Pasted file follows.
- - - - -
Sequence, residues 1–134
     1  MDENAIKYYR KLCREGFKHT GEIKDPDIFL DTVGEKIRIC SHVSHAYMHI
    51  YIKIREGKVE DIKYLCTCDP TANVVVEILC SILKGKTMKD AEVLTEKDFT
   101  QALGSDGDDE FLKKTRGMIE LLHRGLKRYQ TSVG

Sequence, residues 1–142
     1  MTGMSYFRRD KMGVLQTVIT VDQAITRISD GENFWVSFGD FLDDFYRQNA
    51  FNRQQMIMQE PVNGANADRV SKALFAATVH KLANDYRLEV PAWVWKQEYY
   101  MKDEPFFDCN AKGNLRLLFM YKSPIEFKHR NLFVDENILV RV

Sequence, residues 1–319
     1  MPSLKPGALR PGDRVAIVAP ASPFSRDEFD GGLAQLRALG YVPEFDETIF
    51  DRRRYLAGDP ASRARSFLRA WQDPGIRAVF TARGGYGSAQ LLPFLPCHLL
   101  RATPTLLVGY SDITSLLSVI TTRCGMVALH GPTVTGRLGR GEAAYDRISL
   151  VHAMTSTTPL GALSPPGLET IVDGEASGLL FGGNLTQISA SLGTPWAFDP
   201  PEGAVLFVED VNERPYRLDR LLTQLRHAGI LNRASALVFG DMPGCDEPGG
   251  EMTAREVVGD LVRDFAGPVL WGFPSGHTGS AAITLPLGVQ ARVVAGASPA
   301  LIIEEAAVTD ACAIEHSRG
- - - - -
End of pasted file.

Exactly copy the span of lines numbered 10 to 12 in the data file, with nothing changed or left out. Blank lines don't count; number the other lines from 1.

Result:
     1  MPSLKPGALR PGDRVAIVAP ASPFSRDEFD GGLAQLRALG YVPEFDETIF
    51  DRRRYLAGDP ASRARSFLRA WQDPGIRAVF TARGGYGSAQ LLPFLPCHLL
   101  RATPTLLVGY SDITSLLSVI TTRCGMVALH GPTVTGRLGR GEAAYDRISL